Seed company’s foundation trains farmers to compete in varied markets

A farmer poses with his chili harvest. (EWS-KTF)

Agriculture is a dynamic industry, with new techniques and practices regularly being developed to increase yield.

East West Seeds Philippines’ Knowledge Transfer Foundation’s (EWS-KTF) thrust is to make both available to smallholder farmers who might otherwise not have access to such information.

Partner farmers pose with their cucumber harvest. (EWS-KTF)

Capacity building

“Knowledge transfer is more on capacity building smallholder farmers. We do training on vegetable production depending on the needs of the farmer. Sometimes it’s anchored on Philippine Good Agricultural Practices or sometimes it is based on natural farming systems. We also have [prograpms] wherein we capacitate farmers and enhance their entrepreneurial skills,” said Girlie Banaña of East West Seeds Philippines’ Knowledge Transfer Department.

EWS-KTF usually works with other organizations who have pre-selected the farmers to undergo training. It’s these partner organizations who fund the project through providing training programs and farm input packages for the farmer beneficiaries, referred to as “key farmers.” Partner organizations have included PhilRice, Nestle, and BDO.

The time span of each project depends on the partner organization as well, and can last anywhere from a few months to a few years. The key farmers attend training while establishing their own vegetable farms at the same time.

“We’ll also check if the learned technologies were applied appropriately and at the same time assist them in pest and disease management,” Banaña said.

Before the pandemic, all training sessions were done face to face, involving both classroom lectures and hands-on practical applications. The pandemic forced everyone to go online, though training sessions are returning to the classroom and field.

Farmers pose in their home garden. (EWS-KTF)

Access to market

When applicable, farmers were taught Philippine Good Agricultural Practices (PhilGAP) and assisted in fulfilling the requirements for its certification. “They were able to learn the concepts or principles of producing the quality vegetables, safety of vegetables, quality of the environment and safety of the packing,” Banaña said.

Farmers whose farms were selected as model PhilGAP farms were further able to benefit from being provided facilities such as “washing areas, storage areas for fertilizer and pesticide, resting areas for the farm workers, (and) sorting areas.”

The training also included an introduction to different buyers beyond the traditional wet market or trading post. “Before, they were only engaged with the traditional markets but… through the project, we were able to introduce them to new markets like the modern retail markets, engaging the consolidators, concessionaires, and food processors,” Banaña said. “This ready market can absorb a lot of volume, so [the farmers] can really expand their production. At the same time they have a ready market with competitive prices…. Some of the farmers we assisted [have] even expanded their production areas.”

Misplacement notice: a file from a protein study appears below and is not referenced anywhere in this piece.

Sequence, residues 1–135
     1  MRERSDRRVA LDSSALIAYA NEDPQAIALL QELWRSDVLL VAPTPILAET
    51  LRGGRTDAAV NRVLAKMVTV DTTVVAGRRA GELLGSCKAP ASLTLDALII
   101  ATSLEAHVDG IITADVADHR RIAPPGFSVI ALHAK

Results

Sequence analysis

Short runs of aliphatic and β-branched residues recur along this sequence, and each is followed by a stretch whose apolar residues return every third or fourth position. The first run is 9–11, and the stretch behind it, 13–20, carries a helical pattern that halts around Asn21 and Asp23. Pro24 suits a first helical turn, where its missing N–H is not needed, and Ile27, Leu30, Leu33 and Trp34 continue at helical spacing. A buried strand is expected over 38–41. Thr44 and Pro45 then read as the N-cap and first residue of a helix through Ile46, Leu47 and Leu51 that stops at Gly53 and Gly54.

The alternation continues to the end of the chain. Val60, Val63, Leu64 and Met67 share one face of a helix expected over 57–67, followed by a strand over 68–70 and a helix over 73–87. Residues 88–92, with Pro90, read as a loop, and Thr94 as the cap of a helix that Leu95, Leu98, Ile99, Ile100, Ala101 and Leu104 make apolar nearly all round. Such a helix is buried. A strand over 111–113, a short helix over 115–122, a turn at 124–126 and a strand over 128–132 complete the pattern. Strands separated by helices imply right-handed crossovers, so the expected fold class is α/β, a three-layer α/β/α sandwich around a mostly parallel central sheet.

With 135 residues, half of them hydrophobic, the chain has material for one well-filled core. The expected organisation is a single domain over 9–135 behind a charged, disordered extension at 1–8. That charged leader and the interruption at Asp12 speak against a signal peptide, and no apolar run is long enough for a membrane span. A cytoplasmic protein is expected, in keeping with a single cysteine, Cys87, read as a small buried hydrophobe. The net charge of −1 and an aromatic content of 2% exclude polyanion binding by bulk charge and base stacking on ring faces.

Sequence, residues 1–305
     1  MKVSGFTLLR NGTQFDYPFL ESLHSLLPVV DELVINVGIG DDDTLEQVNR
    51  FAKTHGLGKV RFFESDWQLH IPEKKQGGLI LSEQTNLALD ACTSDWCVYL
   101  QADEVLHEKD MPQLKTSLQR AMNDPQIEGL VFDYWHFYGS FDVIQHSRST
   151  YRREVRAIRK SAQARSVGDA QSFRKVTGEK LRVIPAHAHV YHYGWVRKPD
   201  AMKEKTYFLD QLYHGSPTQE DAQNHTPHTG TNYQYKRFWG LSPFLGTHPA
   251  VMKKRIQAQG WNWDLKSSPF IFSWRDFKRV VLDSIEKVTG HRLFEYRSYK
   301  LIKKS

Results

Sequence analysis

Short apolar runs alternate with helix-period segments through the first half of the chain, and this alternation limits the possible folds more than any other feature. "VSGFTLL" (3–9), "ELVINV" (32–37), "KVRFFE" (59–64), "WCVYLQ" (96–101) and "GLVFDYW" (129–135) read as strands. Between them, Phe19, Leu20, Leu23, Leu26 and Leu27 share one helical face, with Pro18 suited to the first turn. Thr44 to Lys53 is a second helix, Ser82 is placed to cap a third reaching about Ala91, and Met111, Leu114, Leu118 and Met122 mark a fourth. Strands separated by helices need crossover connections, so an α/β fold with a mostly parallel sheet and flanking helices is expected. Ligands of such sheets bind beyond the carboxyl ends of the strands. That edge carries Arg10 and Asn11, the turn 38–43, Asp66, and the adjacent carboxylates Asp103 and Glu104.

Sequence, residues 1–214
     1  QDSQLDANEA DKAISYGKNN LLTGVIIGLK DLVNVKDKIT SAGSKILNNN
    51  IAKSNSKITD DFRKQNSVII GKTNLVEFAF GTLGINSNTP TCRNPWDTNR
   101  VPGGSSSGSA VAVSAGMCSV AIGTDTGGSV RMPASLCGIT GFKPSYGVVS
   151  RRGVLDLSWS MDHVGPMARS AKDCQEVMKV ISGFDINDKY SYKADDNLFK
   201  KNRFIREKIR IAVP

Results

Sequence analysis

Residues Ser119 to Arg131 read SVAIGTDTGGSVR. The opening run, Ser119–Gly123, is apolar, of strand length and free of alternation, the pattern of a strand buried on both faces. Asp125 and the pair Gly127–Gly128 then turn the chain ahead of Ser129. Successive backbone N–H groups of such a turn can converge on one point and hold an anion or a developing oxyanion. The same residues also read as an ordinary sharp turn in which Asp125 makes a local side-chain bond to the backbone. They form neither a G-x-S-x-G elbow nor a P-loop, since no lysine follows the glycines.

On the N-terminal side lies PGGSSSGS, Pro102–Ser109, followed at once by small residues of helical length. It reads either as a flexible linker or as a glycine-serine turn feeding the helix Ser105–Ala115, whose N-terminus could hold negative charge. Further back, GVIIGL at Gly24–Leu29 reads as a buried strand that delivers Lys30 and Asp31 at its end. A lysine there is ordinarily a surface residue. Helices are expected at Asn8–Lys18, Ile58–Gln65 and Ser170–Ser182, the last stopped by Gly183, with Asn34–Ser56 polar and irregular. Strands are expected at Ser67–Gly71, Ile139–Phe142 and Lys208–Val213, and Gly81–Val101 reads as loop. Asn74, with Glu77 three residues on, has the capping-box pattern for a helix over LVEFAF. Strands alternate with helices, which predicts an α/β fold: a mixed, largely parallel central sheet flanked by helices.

The results have been positive. “In terms of income, based on the data that we gathered from a minimum of 500 sqm of vegetables, a farmer can have a net income of P5,400-6,500.”

A farmer poses with his chili harvest. (EWS-KTF)


Another aspect of the program is training home gardeners to boost self-sufficiency. “We (need to make) sure that the community is food-reliant, so we need to introduce the concept of home gardening, planting vegetables in their backyards,” Banaña said, adding, “We also offer training courses on nutrition education.”

Banaña reported that, “We were also able to introduce the vegetable as a nutritious source of food for the family,” resulting in “an increase in consumption in the vegetable for the farming households in the areas where we operate.”

EWS-KTF is looking forward to continue working with new and current partner organizations to capacitate smallholder farmers, introduce them to a wider customer base, and increase their food security at home.

“We also want to propose bigger skilled long-term programs so we can reach more… farmers,” Banaña said. “We also want to engage more women farmers and young farmers.”

The organization is hopeful that through proper knowledge transfer, technical training, and introductions to different markets, more Filipino farmers will have the opportunity to better compete and succeed in the industry.

Photos courtesy of (EWS-KTF)

This article appeared in Agriculture Magazine’s October 2022 issue.

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Yvette Tan
Yvette Tan is Agriculture magazine's managing editor’s web editor. She is an award-winning writer who likes to eat, travel, and listen to stories about the strange and supernatural. She is dedicated to encouraging people to push for sustainable food sources and is an advocate of food security, food sovereignty, and the preservation of community foodways.

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